Ancestry Search – Sharing the Bounty of Your Ancestry Search

Sharing the valuable information you’ve discovered during your ancestry search is one of the foundations of genealogy. After all, you wouldn’t have been able to undertake your own ancestry search if others hadn’t made so much data available to you. Now it’s time to reciprocate, and we’re going to show you where to start. Be aware though, that the more information you share, the more you’ll most likely get back. You may find additional information about your surname, or find relatives who you didn’t no exist. There’s no doubt; sharing information is the quickest way to accumulate data during an ancestry search. 

Why are Others Even Interested in Your ancestry Search?

You might experience a moment of hesitation where you might wonder why anybody would be interested in your ancestry search. It's normal for anyone to have that bit of doubt, after all; who would be interested in that shabby old photo of your great-grandfather waiting at that train station? You might have received it during your ancestry search only because nobody else wanted it. Don't let thoughts like those discourage you from going forward. You may have a relative out there doing their own ancestry search to whom that photo would mean the world. They may cherish that picture as much as you do, and consequently that means you may have much in common other than just family. Take that first step; it may be the beginning of a fantastic journey.

The more you share what you discover during your ancestry search, the more you may find others wishing to exchange information. There may be different reasons why other researchers might be interested in your data. They could be:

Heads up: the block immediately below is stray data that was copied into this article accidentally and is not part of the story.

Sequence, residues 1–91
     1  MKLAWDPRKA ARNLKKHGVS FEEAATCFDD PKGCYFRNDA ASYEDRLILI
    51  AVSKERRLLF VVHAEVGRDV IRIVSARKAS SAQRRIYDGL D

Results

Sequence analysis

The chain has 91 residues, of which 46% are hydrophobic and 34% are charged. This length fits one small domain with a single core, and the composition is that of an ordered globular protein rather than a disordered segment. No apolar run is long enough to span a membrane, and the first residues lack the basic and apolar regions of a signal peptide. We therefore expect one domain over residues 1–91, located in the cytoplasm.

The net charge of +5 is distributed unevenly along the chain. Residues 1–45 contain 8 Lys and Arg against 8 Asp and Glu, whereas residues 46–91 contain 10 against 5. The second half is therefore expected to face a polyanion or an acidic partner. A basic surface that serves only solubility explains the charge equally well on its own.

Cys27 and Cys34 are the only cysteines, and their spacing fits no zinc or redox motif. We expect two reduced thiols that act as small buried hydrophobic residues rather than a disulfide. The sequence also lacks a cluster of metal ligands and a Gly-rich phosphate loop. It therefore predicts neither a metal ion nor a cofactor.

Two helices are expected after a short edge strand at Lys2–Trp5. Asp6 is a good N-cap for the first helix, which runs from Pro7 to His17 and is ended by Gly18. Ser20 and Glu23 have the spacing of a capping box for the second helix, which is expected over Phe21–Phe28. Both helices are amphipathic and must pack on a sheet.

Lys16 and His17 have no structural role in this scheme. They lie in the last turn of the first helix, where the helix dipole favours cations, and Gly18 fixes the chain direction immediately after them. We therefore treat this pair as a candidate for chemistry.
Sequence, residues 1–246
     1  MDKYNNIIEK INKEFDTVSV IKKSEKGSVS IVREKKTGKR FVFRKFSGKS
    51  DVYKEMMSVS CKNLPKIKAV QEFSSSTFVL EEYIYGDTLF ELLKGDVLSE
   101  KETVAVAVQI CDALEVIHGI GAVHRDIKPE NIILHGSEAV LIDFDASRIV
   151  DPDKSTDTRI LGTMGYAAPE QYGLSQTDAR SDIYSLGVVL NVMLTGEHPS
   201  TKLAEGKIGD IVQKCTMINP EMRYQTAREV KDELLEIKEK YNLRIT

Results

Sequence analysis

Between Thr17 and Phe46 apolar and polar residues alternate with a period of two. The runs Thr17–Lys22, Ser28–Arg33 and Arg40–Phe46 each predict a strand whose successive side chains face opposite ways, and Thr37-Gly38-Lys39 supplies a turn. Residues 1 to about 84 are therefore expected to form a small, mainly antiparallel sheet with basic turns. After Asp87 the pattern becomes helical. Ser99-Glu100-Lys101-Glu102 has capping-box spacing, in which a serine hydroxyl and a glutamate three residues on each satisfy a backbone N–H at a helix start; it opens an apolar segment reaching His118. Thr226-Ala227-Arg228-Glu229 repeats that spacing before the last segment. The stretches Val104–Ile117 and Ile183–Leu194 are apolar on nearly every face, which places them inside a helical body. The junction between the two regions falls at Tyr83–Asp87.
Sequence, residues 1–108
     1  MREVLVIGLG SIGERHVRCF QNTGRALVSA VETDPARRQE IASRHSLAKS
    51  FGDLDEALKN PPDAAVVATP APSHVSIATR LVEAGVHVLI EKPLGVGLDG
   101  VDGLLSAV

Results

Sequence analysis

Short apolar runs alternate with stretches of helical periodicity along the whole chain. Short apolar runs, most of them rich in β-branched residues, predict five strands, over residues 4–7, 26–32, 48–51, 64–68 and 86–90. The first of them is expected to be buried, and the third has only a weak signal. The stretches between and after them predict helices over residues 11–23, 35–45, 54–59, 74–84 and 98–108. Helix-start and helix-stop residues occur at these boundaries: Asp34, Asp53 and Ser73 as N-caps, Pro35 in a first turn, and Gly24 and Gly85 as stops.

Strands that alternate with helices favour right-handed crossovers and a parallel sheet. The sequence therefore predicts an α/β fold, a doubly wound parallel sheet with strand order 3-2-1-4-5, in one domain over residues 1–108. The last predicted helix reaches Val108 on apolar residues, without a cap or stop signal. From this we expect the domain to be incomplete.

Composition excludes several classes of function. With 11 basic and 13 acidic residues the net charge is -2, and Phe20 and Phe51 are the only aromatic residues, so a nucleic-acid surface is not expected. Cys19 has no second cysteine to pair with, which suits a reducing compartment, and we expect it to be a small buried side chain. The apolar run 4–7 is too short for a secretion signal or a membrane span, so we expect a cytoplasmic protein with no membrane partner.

• Actually related to you
  • Researching the area where your ancestors lived
  • Doing a surname study of your name

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These I'm sure are similar reasons as to why you would like to see the information that other genealogists have uncovered during their ancestry search. The obvious benefits of sharing your data are that you may be able to fill in gaps in your own family history, or that you may encounter living relatives that you didn't know you had. Even if you're questions aren't answered directly, the data you receive from other researchers may provide clues that will extend your ancestry search. Always remember though; verify any information you receive from anyone against official documentation.

Contacting Those Who may be Interested in Your Ancestry Search

The first thing you'll want to do in order to share the findings of your ancestry search is to compile a list of places and people to contact. This will ensure that you're contacting the right people on the right websites or forums, and save you and them from wasting time chasing false leads. Start with the surname you wish to search, the geographical areas you're interested in, the websites that you feel would be interested in your data, and which sites might be interested in the results of your own ancestry search.

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Answering these questions will point you towards your "target audience", those who would find your data useful, and whose information you may be able to use. If someone is conducting an ancestry search on the same surname in the same geographical location as you, chances are that you can potentially help each other. Use as wide a variety of platforms to share the results of your ancestry search as possible; mailing lists, newsgroups, forums, online family trees, can all prove fruitful. You may be surprised at what, and who, you uncover when sharing the data from your ancestry search, but one thing is for sure, the rewards will greatly outweigh any effort that you extend.

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